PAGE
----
95% of the VD spindles run on 3 phase 220V. There are a FEW that run on 110V TO the spindle… Someone on here has one and it was the first time I ever saw one. In simple terms the 11V VFD converts the 110V to 220V 3 phase output. A 220V VFD does the same but starts with the 220V single phase. I am not an EE so I can not go into the deep how and why of converting 110V to 220 3 phase in a VFD. Bart Ding went into detail about it on one of the treads, but overall the 110V VFDs will drive the .8KW spindle just fine for everything the X Carve can handle. http://www.automationtechnologiesinc.com/ is run by one great guy and he really goes out of his way to make sure you have everything you need if you will email or call him up. They ship really fast and package everything very well. If you are based the the USA then I would HIGHLY suggest considering their products for upgrade and the like.
I have recently got one of these here in the UK… I’m seriously struggling with it, although I have had it running and cutting on my X-Carve, it was producing lots and lots of interference, it affected my stepper motor operation, my mains tester said the motor casing and X-Carve chassis is live, which really freaked me out, eventually I had to pluck up the courage to touch it and see just how live it was, and it wasn’t, then to top the lot it began to hinder my wifi connection, so temporary fix I dropped my Makita router in and wow I should have just used that from word go, My X-Carve has really manned up, Wow its brilliant, reluctant to go back to VFD & spindle… Unless someone can help me out I think I’ll be selling it and sticking with the makita…
Appreciate anyone’s thoughts…
Did you order it off of EBay? It sounds like you got a bum unit there for sure. EMI is not uncommon on these units if they are bad. Did you use shielded cables and are your cable shields grounded on the controller side only as they should be? Also how did you run the power cable to the Spindle fro the VFD? Does it run next to the motor cables? if you do this and are not using a shielded and grounded spindle power cable and your stepper cables are not also shielded and have their shielded grounded on the controller side, then you will see EMI issues.
Thanks for your detailed response, I appreciate your thoughts…
Yes I did buy the unit from eBay, It was meant to be from a seller in Portsmouth but the unit came from Germany, poss drop shipped, although a very quick 48 Hour service.
Yes I did use shielded cable on from VFD to spindle, its grounded at the VFD via the shielding and at the motor end the shielding is clamped to the motor plug.
My stepper motors are also using the shielded cable that they are supplied with from Inventables.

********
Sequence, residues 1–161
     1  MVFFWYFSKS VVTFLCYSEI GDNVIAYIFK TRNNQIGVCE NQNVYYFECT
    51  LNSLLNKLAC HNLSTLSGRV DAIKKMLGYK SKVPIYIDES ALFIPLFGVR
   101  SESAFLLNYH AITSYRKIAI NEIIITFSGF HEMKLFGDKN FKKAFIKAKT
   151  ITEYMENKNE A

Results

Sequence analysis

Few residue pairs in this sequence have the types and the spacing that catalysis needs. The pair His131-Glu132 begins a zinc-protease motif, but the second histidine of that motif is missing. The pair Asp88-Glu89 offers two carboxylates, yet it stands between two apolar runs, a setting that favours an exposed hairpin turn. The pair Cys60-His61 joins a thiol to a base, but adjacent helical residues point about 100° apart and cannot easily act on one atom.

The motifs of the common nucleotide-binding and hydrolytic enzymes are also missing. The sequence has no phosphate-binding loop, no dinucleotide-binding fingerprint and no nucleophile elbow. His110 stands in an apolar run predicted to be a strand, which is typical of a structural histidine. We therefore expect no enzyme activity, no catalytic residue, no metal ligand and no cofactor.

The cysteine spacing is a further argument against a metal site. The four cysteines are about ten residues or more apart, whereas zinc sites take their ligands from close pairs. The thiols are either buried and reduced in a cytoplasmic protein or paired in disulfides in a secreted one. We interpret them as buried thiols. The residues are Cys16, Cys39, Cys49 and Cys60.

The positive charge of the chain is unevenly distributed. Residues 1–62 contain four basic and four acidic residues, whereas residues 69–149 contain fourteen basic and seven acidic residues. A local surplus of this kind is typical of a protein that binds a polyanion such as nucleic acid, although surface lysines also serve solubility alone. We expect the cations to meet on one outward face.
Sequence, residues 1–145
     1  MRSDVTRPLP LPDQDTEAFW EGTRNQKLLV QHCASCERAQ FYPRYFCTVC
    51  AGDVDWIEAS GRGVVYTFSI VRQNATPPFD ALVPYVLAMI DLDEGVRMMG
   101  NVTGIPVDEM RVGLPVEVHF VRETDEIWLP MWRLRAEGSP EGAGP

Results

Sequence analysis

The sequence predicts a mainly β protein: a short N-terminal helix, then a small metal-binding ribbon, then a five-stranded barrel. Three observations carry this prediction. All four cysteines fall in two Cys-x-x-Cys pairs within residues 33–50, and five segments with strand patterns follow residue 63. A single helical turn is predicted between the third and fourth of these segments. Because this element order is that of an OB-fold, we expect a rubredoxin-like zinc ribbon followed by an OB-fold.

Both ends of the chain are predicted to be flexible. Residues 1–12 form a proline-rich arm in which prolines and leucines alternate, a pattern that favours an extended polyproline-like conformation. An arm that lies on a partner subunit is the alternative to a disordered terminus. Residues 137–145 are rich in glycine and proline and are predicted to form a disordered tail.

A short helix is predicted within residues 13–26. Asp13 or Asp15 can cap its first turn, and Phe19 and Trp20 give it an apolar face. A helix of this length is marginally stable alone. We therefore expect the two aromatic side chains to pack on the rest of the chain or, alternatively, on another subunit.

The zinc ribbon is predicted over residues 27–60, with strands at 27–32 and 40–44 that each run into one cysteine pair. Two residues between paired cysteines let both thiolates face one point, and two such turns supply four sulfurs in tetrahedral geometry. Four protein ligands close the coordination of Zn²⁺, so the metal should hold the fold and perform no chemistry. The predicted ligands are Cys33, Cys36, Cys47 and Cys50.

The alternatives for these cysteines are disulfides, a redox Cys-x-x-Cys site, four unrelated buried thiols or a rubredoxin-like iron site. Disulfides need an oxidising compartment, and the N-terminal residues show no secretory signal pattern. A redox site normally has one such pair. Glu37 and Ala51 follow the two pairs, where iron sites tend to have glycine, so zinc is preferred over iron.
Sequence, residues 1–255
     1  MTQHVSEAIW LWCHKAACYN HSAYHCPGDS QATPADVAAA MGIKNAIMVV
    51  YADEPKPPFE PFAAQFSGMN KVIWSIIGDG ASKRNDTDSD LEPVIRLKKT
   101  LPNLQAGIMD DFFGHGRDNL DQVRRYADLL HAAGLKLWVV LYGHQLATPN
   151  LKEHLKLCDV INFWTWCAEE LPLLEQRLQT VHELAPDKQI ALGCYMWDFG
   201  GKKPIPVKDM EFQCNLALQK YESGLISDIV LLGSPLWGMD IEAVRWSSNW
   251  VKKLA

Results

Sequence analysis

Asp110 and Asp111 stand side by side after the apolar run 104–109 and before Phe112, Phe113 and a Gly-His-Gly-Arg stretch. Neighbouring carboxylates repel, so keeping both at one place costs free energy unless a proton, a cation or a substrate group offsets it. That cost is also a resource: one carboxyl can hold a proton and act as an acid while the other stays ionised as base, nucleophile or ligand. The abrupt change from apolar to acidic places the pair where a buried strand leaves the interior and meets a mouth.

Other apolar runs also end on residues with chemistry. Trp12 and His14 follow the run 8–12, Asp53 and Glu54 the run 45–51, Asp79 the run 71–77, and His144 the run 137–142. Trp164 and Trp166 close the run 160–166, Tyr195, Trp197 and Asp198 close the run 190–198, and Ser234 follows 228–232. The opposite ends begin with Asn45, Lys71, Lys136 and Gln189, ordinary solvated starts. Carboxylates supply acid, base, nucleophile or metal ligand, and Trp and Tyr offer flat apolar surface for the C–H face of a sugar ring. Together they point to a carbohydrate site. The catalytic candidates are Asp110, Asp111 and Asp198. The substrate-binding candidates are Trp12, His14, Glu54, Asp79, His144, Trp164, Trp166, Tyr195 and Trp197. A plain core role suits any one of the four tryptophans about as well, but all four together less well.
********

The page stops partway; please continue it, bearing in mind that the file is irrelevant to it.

The shielded power cable to the motor runs up and across the ceiling of my workshop dropping down to the spindle, where as my stepper motor cables run from a shelf below the CNC and up to steppers, so plenty of distance between cables…
I am buying a VFD spindle from automationtechnologiesinc.com (this one specifically: http://www.automationtechnologiesinc.com/products-page/cnc-spindle/800w-air-cooled-cnc-milling-spindle-kl-800a). It says its 65mm OD, as I’ve seen that’s what’s recommended, but its not clear if my existing mount will work, or if I need the new dewalt 611 mount. I have the 24v spindle that came with whole kit that I got about 5 months ago - before they discontinued that spindle and started recommending the dewalt 611.
Will that original spindle mount work with the 65mm VFD?
You’ll need a different mount.
There are a few options here. You can use the Inventables 611 mount with a shim of styrene or a shim of aluminum. This is what Inventables did with their 800w air cooled spindle and it is what I have done with my Makita (also 65mm).
You could also go with this spindle mount found here if you want to make it yourself:
Or if you want to order one @JohnScherer is making and selling them here:
Hope that helps some.
Like @sketch42 mentioned, I did the shimming technique with the dewalt 611 mount. It took 2 layers of the styrene we sell in the store https://www.inventables.com/technologies/styrene-sheet fits like a champ.
You can also 3D print mounts (I think @Travelphotog did this for his x-carve). I wouldn’t cut them yourself out of aluminum (if you were leaning towards that option). Unfortunately lots of things can go wrong when cutting thick aluminum like that on the stock machine and you can end up with a mount that isn’t square. I know from experience
I have been running a 3D printed mount for my 65mm .8KW VFD since i got it and only repalced it once, to address a few issues i found in my first mount. Currently it is printed in PLA at 30% infill with 4 perimeters and 4 top and bottom layers, I only mill aluminum, granite and carbon fiber with my XC these days and I have had 0 issues. Keep in mind though that my mount was printed with a Rostock Max V2 delta printer with a fair amount of mods so it is above the “normal” level of printing found on most consumer 3D printers.